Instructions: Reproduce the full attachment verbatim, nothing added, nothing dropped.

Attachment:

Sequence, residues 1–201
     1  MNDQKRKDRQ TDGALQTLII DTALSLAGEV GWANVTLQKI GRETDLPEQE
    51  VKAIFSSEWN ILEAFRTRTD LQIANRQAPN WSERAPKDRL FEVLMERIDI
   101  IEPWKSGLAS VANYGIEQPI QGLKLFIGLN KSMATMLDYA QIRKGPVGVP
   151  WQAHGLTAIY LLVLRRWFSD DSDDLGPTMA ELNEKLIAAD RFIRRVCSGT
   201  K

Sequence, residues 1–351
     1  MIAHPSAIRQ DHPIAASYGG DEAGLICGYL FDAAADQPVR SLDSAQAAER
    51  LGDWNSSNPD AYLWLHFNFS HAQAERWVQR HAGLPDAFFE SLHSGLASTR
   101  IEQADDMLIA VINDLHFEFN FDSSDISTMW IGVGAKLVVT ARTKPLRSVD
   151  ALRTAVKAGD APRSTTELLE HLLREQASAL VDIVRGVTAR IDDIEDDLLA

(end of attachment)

Sequence, residues 1–201
     1  MNDQKRKDRQ TDGALQTLII DTALSLAGEV GWANVTLQKI GRETDLPEQE
    51  VKAIFSSEWN ILEAFRTRTD LQIANRQAPN WSERAPKDRL FEVLMERIDI
   101  IEPWKSGLAS VANYGIEQPI QGLKLFIGLN KSMATMLDYA QIRKGPVGVP
   151  WQAHGLTAIY LLVLRRWFSD DSDDLGPTMA ELNEKLIAAD RFIRRVCSGT
   201  K

Sequence, residues 1–351
     1  MIAHPSAIRQ DHPIAASYGG DEAGLICGYL FDAAADQPVR SLDSAQAAER
    51  LGDWNSSNPD AYLWLHFNFS HAQAERWVQR HAGLPDAFFE SLHSGLASTR
   101  IEQADDMLIA VINDLHFEFN FDSSDISTMW IGVGAKLVVT ARTKPLRSVD
   151  ALRTAVKAGD APRSTTELLE HLLREQASAL VDIVRGVTAR IDDIEDDLLA